299

Jesu, Jesu, Fill Us with Your Love

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Scripture References

Thematically related:

Further Reflections on Scripture References

This fine text is based on Jesus' personalized object lesson on servanthood when he washed his disciples' feet (John 13:1-17) and on Jesus’ parable of the good Samaritan. That parable was his response to the question “Who is my Neighbor?” (Luke 10:25-37).

 

Psalter Hymnal Handbook

Confessions and Statements of Faith References

Further Reflections on Confessions and Statements of Faith References

Any song or testimony about the cries that comes from our nations and cities must be met with confessional statements about the mission of the church as listed here.

 

Our World Belongs to God, paragraphs 41-43 are explicit and pointed about the mission of the church: “In a world estranged from God, where happiness and peace are offered in many names and millions face confusing choices, we witness—with respect for followers of other ways—to the only one in whose name salvation is found: Jesus Christ.”

 

Later, Our World Belongs to God, paragraphs 52-54 point to the task of the church in seeking public justice and functioning as a peacemaker: “We call on our governments to work for peace and to restore just relationships. We deplore the spread of weapons in our world and on our streets with the risks they bring and the horrors they threaten…”

 

The Belhar Confession, section 3 calls the church to be a peacemaker, and section 4 calls the church “to bring about justice and true peace.”

 

Our Song of Hope, stanza 10 calls the church to seek “the welfare of the people” and to work “against inhuman oppression of humanity.”

299

Jesu, Jesu, Fill Us with Your Love

Tune Information

Name
CHEREPONI
Key
E♭ Major
Meter
7.7.9 refrain 9.12
299

Jesu, Jesu, Fill Us with Your Love

Hymn Story/Background

Tom Colvin, long-term missionary to Africa, wrote this text in 1963 in Chereponi, northern Ghana, while he was attending a lay-training course in agriculture, development, and evangelism. New converts had brought a folk melody to this meeting, which they thought might be appropriate for a text about Christian love. Colvin explained his writing of the text as follows:
 
Sitting there in the moonlight, I felt it simply had to be about black and white, rich and poor. I was ashamed of the wasteful affluence of my people but proud of the Gospel that transforms us into servants of one another. It is only when we who are rich learn to have the humility of the slave towards the poor of the world that we shall be able to learn from them; they have so much to teach us and share with us.
 
Colvin shared text and tune with the Iona Community in Scotland. After the hymn was published in their collection Free to Serve: Hymns from Africa (1968), its popularity spread to other Christian communities. It was also published in many other hymn books.
 
This fine text is based on Jesus' personalized object lesson on servanthood when he washed his disciples' feet (John 13:1-17) and on Jesus’ parable of the good Samaritan. That parable was his response to the question “Who is my Neighbor?” (Luke 10:25-37).
 
CHEREPONI was originally a traditional Ghanaian love song. Colvin named the tune after the village in which he first heard it and in which he wrote his text. The traditional African performance for melodies like CHEREPONI involves a leader and a group as well as various percussion instruments and clapping. Such a practice can easily be imple­mented in congregations that have one or several soloists or a choir. If you have drummers in your church, have them use the rhythms provided in Lift Up Your Hearts or improvise some ostinato rhythms on drums and/or tambourines. Because this is a perpetual energy kind of song, make sure that there are no rhythmic pauses between the refrain and the stanzas. Diane Dkygraaf arranged this hymn for Lift Up Your Hearts.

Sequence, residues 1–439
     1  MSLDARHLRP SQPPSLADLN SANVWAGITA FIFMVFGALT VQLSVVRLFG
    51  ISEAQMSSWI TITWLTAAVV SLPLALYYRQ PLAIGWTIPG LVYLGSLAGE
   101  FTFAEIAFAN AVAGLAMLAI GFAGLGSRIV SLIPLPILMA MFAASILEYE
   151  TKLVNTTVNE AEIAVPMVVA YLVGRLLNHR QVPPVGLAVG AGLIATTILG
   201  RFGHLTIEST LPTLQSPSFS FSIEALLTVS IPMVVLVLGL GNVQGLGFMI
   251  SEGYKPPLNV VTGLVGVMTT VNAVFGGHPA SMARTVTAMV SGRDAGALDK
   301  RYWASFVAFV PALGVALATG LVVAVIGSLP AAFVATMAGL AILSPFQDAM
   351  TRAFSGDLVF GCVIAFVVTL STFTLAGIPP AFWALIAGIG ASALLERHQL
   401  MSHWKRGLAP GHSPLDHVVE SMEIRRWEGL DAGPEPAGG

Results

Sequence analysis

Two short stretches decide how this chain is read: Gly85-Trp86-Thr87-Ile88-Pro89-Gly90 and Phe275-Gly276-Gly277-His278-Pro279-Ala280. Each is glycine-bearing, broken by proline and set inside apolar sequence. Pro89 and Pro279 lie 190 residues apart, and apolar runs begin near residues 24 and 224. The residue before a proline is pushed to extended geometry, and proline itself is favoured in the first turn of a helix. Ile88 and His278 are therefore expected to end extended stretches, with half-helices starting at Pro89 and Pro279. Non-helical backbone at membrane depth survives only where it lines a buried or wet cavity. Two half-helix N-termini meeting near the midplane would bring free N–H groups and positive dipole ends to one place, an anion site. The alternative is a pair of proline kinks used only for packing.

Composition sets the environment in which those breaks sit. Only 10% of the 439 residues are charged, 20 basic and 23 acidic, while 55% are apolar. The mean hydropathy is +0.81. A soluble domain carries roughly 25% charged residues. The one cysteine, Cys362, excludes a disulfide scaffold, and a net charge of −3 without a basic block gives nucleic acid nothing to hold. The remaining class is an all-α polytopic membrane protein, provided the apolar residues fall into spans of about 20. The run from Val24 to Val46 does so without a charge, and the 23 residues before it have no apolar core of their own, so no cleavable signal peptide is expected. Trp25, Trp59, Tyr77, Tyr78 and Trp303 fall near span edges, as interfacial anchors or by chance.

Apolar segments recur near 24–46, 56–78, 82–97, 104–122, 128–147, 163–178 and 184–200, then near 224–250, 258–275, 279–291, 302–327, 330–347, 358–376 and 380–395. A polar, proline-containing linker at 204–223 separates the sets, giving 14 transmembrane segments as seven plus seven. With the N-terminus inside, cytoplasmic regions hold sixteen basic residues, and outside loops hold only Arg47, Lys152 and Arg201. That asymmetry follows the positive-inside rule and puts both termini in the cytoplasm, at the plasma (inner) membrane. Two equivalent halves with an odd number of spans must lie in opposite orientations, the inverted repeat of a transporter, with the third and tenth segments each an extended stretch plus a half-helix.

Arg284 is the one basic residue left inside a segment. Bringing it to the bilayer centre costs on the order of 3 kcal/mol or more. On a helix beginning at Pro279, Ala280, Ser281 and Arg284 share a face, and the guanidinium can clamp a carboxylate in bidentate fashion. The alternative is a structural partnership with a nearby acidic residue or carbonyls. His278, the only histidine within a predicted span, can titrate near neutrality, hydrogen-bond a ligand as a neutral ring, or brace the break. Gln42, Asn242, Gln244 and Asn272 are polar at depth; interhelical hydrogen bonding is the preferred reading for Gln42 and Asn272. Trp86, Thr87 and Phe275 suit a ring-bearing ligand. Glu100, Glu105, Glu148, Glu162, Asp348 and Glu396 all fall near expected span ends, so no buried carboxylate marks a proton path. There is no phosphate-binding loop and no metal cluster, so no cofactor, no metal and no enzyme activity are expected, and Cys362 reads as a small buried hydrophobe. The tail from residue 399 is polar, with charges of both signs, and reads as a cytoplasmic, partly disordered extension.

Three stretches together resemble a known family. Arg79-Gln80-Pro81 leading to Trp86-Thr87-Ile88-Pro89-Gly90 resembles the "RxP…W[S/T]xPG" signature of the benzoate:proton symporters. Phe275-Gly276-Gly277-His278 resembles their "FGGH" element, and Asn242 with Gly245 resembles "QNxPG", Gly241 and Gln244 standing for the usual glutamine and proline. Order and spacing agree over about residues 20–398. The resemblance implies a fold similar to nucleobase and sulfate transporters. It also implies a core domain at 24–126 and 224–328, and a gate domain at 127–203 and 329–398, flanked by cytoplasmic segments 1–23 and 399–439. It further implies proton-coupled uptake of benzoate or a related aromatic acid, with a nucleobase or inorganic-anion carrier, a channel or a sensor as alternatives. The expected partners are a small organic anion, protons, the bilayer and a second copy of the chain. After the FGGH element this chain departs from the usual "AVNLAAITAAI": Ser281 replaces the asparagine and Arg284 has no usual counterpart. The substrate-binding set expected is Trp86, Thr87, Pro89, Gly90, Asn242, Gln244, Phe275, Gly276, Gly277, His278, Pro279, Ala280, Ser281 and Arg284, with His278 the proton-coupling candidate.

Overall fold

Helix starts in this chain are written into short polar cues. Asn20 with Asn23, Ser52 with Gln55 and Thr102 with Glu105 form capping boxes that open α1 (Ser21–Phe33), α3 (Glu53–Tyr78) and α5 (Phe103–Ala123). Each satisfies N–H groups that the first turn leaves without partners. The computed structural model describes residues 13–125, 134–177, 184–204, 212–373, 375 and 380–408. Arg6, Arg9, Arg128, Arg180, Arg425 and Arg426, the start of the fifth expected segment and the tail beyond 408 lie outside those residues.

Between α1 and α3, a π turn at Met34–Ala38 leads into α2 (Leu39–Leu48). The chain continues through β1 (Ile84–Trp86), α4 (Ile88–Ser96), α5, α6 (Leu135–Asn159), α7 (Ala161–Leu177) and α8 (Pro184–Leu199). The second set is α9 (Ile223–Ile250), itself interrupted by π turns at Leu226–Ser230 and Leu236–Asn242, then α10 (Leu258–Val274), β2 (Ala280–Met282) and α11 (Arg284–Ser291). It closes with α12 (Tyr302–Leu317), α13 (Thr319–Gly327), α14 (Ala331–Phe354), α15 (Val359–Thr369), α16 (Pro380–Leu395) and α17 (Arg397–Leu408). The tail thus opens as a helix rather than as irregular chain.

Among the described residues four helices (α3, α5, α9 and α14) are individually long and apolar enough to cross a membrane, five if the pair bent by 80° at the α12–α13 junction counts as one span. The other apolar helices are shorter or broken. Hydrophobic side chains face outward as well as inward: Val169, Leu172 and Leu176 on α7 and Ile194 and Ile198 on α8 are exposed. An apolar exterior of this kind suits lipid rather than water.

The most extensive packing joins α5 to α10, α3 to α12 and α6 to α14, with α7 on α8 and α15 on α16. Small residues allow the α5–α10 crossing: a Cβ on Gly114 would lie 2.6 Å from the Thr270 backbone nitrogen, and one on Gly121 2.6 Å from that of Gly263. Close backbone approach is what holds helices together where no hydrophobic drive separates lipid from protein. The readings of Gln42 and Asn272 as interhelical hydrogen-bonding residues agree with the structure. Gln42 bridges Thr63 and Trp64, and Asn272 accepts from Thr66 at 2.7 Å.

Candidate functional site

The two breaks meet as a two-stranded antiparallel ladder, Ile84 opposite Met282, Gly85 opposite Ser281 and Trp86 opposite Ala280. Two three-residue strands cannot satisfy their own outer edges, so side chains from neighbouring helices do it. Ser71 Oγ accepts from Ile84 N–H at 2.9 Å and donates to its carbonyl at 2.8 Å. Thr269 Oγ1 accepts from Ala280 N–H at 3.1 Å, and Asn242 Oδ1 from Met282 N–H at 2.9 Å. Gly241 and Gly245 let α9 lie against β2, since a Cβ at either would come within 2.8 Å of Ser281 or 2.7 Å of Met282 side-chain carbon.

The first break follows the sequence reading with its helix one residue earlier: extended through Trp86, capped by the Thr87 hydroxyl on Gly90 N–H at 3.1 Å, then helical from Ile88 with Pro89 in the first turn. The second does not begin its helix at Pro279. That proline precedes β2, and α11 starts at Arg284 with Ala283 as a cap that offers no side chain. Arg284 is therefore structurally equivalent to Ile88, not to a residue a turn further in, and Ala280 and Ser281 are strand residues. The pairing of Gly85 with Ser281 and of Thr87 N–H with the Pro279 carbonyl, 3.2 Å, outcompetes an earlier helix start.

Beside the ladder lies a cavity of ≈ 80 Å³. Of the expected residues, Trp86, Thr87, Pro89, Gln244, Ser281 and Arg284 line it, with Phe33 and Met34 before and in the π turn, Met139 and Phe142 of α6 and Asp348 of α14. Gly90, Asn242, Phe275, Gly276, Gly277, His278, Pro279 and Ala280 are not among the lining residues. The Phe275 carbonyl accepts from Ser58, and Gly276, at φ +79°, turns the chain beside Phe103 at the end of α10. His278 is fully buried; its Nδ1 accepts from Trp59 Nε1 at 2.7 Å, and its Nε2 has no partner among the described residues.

— Bert Polman

Composer Information

Diane Dykgraaf was born into a hymn-singing family, and by age 10 was accompanying her school choir. She studied music and organ at Calvin College.  Along with raising 5 children and teaching piano and organ, she led the music ministry in her church in Kentwood, MI. She has a love for traditional hymns, gospel music, and contemporary Christian music—anything that helps us worship. She assisted editor, Joyce Borger, and the editorial team for Lift Up Your Hearts, and did much of the copyright work for the hymnal. Her passions are music, serving the church, and engaging with the next generation in song, scripture, and prayer.
— Diane Dykgraaf

Author and Composer Information

Thomas S. Colvin (b. Glasgow, Scotland, April 16, 1925; d. Edinburgh, Scotland, February 24, 2000) was trained as an engineer and worked in that profession in Burma and Singa­pore from 1945 to 1948. After studying theology at Trinity College, Glasgow University, he was ordained in the Church of Scotland in 1954. He served as missionary in Nyasa­land (now Malawi) from 1954 to 1958, in Ghana from 1958 to 1964, and again in Nyasa­land from 1964 to 1974. His work there included preaching, education, and community development. After completing his missionary work, Colvin became a minister in the United Reformed Church of England and served an inner-city church in London. He returned to Africa in 1984 as a development consultant to the Zimbabwe Christian Council. He is now retired in Edinburgh. Colvin's writings include Christ's Work in Free Africa (1964) and three collections of hymns, many written in collaboration with African Christians–Free to Serve (1966), Leap My Soul (1976), and Fill Us with Your Love (1983).
— Bert Polman
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